The community supports a friend in time of need

Ron Sarfaty 2Ron Sarfaty was 33 years old when he suffered his first heart attack, then 2 years later he suffered another one. He continued working as an engineer, raising his family, and doing the things people do. He was at Disneyland the day before Father’s Day in 2004, when he had a massive stroke. Life changed. Ron has been in a wheelchair since, but he is a fiercely independent soul. He drives himself where he needs to be in his wheelchair adapted van; that is until March 23, 2013, when his van was totaled! He is devastated by the loss of independence in not being able to get himself where he needs to be. The community is raising funds to help Ron replace his van, with the modifications necessary to drive from his electric wheelchair.

Ron refers to himself as “the guy in the wheel chair” who video tapes the singer-songwriters all over Los Angeles and the Western United States. Ron has been a major asset to the singer-songwriter community for more than 15 years. He started out digitally recording audio for performers at house concerts. He would take the recording, mix it, edit it, and then give the recording to the artist(s) at no cost. 11 years ago he shifted into videography, video-taping the performers at their gigs and editing the videos for them. His donated work includes taping 100+ performers, and editing at least 500 separate videos from their performances. He has also produced multiple music videos and DVDs, all out of pocket.

Read more: RON SARFATY


April 28th, Leonis Adobe Museum

By Mostafa Jalal

American Folk Music FestAccording to the American Cancer Society, “Scientific studies have shown the value of music therapy on the body, mind, and spirit of children and adults. Researchers have found that music therapy, when used with anti-nausea drugs for patients receiving high-dose chemotherapy, can help ease painful symptoms. A number of clinical trials have shown the benefit of music therapy for short-term pain, including pain from cancer. Some studies have suggested that music may help decrease the overall intensity of the patient’s experience of pain when used with pain-relieving drugs. Music therapy can also result in a decreased need for pain medicine in some patients.”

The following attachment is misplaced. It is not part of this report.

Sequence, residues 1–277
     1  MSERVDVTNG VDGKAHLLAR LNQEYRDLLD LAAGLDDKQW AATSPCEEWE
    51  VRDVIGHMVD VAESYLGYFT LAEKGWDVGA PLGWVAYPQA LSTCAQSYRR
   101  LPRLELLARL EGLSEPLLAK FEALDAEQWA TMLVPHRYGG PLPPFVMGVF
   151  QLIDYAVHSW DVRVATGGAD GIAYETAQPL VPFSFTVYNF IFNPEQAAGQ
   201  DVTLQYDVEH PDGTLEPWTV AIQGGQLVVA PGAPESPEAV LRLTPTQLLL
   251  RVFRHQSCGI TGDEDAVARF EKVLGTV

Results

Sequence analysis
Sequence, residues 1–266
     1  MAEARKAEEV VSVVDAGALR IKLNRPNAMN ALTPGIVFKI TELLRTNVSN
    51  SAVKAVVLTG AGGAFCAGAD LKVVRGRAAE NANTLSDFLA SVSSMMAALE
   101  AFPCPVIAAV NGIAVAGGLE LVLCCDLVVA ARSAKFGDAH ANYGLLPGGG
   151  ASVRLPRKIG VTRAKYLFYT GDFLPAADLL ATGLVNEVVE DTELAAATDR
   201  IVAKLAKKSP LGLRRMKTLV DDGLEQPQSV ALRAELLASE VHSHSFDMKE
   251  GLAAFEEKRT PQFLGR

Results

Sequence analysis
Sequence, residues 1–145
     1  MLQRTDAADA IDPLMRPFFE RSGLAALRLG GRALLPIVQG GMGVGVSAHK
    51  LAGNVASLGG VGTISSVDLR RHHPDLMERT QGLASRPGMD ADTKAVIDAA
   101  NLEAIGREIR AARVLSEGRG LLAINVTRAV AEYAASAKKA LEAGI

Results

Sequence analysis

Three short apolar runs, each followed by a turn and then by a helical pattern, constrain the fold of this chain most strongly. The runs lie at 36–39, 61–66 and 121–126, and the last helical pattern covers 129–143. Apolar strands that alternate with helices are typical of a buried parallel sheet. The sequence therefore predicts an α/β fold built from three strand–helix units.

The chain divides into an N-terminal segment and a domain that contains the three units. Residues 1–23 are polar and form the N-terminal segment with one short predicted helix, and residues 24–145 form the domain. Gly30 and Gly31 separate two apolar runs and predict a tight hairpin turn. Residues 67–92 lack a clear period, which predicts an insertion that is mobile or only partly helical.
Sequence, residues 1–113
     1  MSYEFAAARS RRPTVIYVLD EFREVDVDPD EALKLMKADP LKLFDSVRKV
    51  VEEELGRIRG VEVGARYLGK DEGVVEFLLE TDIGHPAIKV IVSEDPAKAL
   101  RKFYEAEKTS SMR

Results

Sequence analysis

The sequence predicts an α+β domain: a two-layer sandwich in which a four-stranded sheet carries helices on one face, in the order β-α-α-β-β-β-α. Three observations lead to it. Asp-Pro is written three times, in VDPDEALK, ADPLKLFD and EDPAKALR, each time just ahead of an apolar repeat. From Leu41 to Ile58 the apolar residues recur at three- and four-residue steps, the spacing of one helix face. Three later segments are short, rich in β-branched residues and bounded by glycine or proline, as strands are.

There is a wonderful PBS video that explains how music therapy helps cancer patients as well as ones with brain injuries, MS and more. It can be viewed online.

The Jennifer Diamond Foundation provides free cancer support programs and activities as well as a cancer information Library to educate the general public. These programs educate, empower and inspire hundreds of people with cancer, giving them a better quality of life. They include: Gentle Yoga, Pilates, Massage Therapy, Relaxation & Guided Imagery, Group Support, Water Color classes, Collage, Qigong, T’ai chi, Needle Arts, Line Dancing, Jewelry Making, Lectures, Health seminars, Cooking for Health and Mahjong, New programs are being added – including music - and you can help support them!

On Sunday, April 28th, 2013 from 11:30am to 6pm the Foundation is presenting American Folk Music Fest, a day of great American music at the beautiful and historic Leonis Adobe Museum. The museum features his authentically furnished two-story Monterrey-style adobe with original buildings over 150-years old, period livestock, gardens and a vineyard.